“The US market is investing heavily into VR technology, and as a leading supplier of VR projection technology we need to ensure that we’re at the heart of that investment,” he said. “The UK has the best skills and content developers in the world. As a nation we need to adopt a US mentality and attitude to growth and success or risk losing out as the VR market develops further State side.”

Scientists, software developers and artists have begun using VR to visualise genes and predict disease

A group of scientists, software developers and artists have taken to using virtual reality (VR) technology to visualise complex interactions between genes and their regulatory elements.

The team, which comprises of members from Oxford University, Universita’ di Napoli and Goldsmiths, University of London, have been using VR to visualise simulations of a composite of data from genome sequencing, data on the interactions of DNA and microscopy data.

When all this data is combined the team are provided with an interactive, 3D image that shows where different regions of the genome sit relative to others, and how they interact with each other.

“Being able to visualise such data is important because the human brain is very good at pattern recognition – we tend to think visually,” said Stephen Taylor, head of the Computational Biology Research Group at Oxford’s MRC Weatherall Institute of Molecular Medicine (WIMM).

“It began at a conference back in 2014 when we saw a demonstration by researchers from Goldsmiths who had used software called CSynth to model proteins in three dimensions. We began working with them, feeding in seemingly incomprehensible information derived from our studies of the human alpha globin gene cluster and we were amazed that what we saw on the screen was an instantly recognisable model.”

The team believe that being able to visualise the interactions between genes and their regulatory elements will allow them to understand the basis of human genetic diseases, and are currently applying their techniques to study genetic diseases such as diabetes, cancer and multiple sclerosis.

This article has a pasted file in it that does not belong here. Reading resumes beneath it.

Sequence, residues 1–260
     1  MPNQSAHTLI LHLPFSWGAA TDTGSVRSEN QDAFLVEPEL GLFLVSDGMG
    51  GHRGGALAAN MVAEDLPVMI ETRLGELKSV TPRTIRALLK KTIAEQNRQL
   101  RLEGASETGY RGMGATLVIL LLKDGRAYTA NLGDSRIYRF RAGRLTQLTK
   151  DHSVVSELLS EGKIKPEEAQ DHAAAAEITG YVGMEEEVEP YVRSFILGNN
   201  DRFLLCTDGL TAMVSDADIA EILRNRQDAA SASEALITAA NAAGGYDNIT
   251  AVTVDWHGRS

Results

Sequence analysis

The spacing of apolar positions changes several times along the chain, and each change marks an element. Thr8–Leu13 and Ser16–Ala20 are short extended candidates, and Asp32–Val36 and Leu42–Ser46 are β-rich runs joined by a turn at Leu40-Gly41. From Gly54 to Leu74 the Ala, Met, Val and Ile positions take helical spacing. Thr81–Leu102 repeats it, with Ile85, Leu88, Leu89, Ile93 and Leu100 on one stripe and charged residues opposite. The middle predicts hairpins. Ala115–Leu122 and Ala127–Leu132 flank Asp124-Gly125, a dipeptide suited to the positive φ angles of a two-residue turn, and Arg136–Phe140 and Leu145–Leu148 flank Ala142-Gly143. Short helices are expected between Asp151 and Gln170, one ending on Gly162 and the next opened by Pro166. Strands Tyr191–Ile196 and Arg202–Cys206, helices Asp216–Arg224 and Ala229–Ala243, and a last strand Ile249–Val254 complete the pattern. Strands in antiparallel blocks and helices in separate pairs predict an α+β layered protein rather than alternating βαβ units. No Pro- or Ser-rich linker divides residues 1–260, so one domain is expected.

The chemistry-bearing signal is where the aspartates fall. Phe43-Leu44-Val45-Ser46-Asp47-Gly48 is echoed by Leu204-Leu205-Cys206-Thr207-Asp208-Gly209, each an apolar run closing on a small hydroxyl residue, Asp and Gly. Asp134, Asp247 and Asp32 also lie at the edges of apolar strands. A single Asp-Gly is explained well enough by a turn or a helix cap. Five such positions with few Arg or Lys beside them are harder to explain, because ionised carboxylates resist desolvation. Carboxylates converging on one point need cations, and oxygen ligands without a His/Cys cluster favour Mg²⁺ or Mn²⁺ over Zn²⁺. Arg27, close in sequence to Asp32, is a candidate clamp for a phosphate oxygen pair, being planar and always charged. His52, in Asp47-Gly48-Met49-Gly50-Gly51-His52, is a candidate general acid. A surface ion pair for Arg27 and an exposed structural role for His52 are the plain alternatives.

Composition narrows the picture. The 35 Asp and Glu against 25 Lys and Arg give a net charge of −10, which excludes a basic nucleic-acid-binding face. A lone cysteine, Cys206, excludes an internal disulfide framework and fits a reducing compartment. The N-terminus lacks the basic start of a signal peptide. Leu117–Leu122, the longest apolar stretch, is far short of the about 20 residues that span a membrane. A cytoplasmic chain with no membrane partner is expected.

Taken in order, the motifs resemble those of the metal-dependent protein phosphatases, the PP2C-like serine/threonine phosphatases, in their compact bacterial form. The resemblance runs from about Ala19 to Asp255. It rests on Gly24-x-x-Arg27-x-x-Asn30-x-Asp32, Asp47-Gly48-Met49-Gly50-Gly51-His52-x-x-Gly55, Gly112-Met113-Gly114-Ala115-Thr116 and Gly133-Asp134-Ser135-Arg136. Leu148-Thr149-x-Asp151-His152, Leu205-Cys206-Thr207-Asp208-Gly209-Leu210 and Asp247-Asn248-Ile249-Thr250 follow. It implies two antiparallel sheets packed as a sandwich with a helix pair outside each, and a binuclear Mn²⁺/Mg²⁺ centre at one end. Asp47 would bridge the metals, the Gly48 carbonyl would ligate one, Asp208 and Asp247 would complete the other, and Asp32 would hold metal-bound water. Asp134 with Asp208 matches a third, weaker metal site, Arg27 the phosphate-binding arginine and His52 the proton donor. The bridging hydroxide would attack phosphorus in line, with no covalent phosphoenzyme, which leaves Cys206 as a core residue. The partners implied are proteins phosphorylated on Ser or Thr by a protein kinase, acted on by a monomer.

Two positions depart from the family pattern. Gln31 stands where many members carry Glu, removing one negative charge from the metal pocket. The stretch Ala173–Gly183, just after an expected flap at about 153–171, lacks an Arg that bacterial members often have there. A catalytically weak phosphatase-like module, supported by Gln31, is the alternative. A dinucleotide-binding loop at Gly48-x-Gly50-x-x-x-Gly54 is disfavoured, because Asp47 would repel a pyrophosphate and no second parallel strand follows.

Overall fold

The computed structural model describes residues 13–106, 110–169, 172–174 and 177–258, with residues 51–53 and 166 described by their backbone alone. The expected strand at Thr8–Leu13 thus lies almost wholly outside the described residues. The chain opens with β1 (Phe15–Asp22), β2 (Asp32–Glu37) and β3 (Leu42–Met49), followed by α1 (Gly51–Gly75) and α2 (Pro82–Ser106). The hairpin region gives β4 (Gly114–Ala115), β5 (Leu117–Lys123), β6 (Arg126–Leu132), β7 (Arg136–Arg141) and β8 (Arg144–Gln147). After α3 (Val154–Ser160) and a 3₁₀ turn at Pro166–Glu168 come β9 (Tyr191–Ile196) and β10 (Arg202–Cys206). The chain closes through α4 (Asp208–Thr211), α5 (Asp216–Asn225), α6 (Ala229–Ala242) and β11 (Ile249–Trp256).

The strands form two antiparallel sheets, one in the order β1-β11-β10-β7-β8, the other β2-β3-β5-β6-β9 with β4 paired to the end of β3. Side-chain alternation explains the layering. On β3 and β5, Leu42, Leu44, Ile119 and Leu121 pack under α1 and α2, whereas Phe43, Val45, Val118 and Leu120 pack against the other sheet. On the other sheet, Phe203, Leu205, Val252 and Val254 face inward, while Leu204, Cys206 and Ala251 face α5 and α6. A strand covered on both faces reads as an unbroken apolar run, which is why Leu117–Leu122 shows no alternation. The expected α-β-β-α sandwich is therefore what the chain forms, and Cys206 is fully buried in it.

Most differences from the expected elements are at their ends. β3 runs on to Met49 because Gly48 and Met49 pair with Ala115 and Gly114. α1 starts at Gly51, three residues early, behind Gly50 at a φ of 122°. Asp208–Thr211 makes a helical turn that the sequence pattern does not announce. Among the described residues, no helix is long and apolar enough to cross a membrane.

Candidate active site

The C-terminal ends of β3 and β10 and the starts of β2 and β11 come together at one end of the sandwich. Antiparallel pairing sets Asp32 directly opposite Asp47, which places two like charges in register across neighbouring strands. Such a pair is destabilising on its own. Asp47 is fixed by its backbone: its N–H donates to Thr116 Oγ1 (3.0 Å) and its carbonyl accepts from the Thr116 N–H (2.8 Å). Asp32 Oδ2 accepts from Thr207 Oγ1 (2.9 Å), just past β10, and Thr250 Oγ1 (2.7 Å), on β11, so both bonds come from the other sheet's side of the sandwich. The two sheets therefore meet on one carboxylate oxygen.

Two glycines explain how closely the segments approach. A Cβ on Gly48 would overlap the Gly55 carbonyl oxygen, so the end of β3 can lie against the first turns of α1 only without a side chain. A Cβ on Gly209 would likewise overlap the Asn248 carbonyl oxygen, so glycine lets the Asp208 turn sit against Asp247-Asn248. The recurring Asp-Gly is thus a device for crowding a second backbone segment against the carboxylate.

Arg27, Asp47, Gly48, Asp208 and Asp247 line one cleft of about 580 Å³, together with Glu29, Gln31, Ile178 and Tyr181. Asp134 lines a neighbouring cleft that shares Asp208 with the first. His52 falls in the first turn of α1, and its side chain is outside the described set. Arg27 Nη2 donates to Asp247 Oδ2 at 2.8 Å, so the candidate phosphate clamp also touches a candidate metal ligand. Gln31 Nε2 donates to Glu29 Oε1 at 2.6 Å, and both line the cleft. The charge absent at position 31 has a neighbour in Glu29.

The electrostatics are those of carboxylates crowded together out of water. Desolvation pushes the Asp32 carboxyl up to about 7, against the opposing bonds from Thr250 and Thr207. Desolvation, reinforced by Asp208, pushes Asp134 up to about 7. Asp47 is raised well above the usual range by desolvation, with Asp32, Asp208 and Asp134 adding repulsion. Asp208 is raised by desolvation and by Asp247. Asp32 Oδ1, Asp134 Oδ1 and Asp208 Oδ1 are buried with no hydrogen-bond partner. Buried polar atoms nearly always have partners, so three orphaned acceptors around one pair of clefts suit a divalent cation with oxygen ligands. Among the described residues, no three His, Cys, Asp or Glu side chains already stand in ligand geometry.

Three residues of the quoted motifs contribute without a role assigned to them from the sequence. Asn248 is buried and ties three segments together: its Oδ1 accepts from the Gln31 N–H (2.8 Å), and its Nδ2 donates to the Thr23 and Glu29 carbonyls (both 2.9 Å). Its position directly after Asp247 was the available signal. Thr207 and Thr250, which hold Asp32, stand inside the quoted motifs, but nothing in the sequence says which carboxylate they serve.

“Our ultimate aim in this area is to correct the faulty gene or its regulatory elements and be able to re-introduce the corrected cells into a patient’s bone marrow: to perfect this we have to fully understand how genes and their regulatory elements interact with one another” said Professor Doug Higgs, a principal researcher at the WIMM.

“Having virtual reality tools like this will enable researchers to efficiently combine their data to gain a much broader understanding of how the organisation of the genome affects gene expression, and how mutations and variants affect such interactions.”

There are around 37 trillion cells in the average adult human body, and each cell contains two meters of DNA tightly packed into its nucleus.

While the technology to sequence genomes is well established, it has been shown that the manner in which DNA is folded within each cell affects how genes are expressed.

“There are more than three billion base pairs in the human genome, and a change in just one of these can cause a problem. As a model we’ve been looking at the human alpha globin gene cluster to understand how variants in genes and their regulatory elements may cause human genetic disease,” said Prof Jim Hughes, associate professor of Genome Biology at Oxford University.